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Ask HN: What's the current state-of-the-art for personal email?
7 points by moofish 1774 days ago | hide | past | web | 5 comments | favorite
With Google Apps going non-free, I'm jolted back towards hosting my own email to get a little bit more flexibility.

So, what's the best setup at the minute in terms of email servers, spam filters, etc? Are there any good web UIs? Does anything provide something similar to Gmail's filters?

If you host your own email, you may need to know more and do more than you think you need to do.

I tried it for awhile, it was easy to set up with postfix.

The problem I ran into is that large services like gmail and linked in would not send to me. They weren't rejecting mail from me; they wouldn't send to me. I think because I didn't do enough with <vague> reputation mechanisms </vague>, but I never really knew because I realized I wanted to receive mail now, not when I eventually worked it out.

That's just one surprising (to me) example. Mail has a reputation for being easy to get started and hard to get right. I think that's a deserved reputation.

I forward my domain's email to fastmail.fm, a paid service. I'm happy with it.

Good luck.

I'm not sure what the current best stack is for email (last time I hosted my own, the setup involved UUCP), but my ideal setup would be as follows:

- continue using Gmail as the main account

- have a catch-all on my server which simply forwards to the Gmail account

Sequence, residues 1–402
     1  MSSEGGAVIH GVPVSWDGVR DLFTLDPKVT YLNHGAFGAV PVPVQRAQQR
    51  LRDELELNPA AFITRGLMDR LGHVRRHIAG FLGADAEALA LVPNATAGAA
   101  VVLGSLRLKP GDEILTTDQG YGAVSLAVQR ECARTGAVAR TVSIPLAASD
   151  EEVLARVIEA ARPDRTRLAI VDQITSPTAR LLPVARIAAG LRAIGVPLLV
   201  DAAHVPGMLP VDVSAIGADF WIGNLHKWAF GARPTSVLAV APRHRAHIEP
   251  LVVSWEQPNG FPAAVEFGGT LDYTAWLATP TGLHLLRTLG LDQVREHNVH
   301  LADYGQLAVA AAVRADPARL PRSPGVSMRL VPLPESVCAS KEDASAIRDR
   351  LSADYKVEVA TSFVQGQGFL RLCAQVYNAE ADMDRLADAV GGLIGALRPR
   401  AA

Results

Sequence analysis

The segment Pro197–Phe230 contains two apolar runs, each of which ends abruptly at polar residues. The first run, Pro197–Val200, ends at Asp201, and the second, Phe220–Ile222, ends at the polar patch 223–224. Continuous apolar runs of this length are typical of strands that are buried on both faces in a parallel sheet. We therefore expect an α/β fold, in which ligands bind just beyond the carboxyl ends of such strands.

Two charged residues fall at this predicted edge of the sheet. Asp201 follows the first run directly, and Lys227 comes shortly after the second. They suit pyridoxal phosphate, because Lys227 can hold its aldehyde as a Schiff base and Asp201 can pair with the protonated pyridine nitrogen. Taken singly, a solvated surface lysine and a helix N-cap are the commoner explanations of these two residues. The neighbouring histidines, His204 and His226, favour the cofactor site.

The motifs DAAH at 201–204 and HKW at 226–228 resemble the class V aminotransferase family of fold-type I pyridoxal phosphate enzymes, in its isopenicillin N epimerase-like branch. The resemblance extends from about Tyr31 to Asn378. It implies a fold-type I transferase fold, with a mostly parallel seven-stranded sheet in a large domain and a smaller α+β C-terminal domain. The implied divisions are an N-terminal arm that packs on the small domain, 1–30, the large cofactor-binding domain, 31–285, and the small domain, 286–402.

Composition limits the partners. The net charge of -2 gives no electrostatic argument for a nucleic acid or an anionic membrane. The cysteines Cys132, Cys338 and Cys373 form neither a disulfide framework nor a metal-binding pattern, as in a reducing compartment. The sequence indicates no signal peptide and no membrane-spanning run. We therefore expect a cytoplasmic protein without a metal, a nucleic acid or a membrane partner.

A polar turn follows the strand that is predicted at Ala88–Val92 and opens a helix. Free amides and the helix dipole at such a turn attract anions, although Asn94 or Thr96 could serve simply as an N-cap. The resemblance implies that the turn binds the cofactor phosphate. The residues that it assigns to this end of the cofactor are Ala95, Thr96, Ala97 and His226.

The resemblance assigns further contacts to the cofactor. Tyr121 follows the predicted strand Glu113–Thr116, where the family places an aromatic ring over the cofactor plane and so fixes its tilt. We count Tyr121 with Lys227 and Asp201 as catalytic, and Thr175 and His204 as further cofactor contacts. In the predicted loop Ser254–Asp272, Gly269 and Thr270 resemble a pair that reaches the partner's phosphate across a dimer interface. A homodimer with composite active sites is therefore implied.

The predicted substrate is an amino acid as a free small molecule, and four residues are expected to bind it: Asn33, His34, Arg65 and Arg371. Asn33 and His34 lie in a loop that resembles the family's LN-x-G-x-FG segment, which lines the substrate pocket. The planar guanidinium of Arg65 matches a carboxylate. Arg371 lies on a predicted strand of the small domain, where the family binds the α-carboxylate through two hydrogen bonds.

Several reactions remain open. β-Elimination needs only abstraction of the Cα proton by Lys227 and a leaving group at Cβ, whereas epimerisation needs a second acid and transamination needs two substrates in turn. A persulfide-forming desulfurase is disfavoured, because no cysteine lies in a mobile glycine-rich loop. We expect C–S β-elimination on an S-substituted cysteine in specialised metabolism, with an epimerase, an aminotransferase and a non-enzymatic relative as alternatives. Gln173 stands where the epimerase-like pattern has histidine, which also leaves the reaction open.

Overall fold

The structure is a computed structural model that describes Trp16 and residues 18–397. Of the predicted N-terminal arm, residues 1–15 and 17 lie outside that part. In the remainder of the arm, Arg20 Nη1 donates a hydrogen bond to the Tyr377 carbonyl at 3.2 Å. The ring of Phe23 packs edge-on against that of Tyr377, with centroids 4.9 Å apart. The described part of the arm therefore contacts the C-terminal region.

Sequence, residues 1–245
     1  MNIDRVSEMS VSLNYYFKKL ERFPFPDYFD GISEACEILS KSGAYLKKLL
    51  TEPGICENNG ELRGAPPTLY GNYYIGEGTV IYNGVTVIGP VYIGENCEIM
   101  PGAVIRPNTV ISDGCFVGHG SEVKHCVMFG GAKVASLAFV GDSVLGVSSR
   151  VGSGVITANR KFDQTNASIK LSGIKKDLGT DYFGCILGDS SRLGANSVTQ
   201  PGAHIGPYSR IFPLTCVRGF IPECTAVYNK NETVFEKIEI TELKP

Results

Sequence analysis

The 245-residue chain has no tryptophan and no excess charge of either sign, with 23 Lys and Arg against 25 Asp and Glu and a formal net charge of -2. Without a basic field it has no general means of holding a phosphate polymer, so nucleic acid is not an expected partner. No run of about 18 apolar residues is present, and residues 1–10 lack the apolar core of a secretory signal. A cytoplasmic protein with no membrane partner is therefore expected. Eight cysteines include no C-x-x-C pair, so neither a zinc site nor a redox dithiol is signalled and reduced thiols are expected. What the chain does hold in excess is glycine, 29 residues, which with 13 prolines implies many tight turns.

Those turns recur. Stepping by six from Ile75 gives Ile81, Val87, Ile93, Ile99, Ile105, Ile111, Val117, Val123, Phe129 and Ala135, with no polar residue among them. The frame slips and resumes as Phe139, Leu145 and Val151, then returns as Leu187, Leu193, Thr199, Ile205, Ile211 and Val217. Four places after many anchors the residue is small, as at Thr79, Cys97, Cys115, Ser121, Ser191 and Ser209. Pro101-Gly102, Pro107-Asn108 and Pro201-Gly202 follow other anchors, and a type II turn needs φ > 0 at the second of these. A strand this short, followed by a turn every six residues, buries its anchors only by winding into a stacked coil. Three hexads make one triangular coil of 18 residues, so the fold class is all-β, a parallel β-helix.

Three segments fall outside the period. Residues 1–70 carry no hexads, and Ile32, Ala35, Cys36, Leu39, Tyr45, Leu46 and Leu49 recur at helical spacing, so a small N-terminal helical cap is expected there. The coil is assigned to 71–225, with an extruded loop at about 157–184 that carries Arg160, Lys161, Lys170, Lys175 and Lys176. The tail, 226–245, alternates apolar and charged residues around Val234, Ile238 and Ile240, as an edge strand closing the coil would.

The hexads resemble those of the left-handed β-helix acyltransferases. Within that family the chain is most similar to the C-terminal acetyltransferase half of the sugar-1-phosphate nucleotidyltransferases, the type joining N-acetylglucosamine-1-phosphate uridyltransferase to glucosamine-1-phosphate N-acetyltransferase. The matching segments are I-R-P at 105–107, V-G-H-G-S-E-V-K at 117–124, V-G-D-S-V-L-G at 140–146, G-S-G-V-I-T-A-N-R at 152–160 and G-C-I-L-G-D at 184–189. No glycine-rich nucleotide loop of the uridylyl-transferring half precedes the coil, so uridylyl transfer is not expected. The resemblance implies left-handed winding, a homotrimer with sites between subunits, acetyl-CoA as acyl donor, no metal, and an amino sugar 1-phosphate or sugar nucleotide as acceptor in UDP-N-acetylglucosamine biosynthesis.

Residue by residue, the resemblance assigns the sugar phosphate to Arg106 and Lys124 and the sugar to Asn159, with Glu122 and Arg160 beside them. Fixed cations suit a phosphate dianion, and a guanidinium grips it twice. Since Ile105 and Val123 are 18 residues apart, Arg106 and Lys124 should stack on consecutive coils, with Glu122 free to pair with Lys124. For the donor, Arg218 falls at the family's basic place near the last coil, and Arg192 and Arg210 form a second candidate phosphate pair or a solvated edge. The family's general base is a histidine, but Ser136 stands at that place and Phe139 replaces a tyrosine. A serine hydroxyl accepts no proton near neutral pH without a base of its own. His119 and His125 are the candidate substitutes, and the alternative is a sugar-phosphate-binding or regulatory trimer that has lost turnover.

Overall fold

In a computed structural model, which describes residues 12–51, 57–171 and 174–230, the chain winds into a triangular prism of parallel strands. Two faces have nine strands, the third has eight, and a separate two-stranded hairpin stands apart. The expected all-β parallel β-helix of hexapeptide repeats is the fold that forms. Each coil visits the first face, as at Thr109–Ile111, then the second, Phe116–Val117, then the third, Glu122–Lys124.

- for sending mail, have a regexp that when matched, will rewrite the 'from' username to that

As an example of the last point, if my subject has &hn& at the beginning, remove that string and change the from address to 'hn@example.com'.

I believe this should be possible with postfix. What I'm not sure of is if Gmail will flag my servers for the steady stream of spam being forwarded (I'd prefer to let Gmail's filters handle all spam).

I use a commercial hosting service which includes email. It provides as options SpamAssassin and Spamdyke, which work as well as can be expected. Spamdyke's graylisting does a nice job of keeping out much spam, more effectively than anything else.

The hosting provider provides a web interface in addition to IMAP, but I use IMAP clients, primarily Thunderbird, rather than web interfaces to email.

What the provider does not have, and I'd very much like to have, is IMAP augmented by Sieve.

I've been using altomail for a while, it's nice. It's just a somewhat bugged preview, but I got impressed. I'm still figuring what they want in exchange for the service (it's free right now).

Anyways, it is just an UI on steroids, AOL didn't have the guts to roll their own new service.

https://fastmail.fm does a good job and charges vary little, based on what you need.

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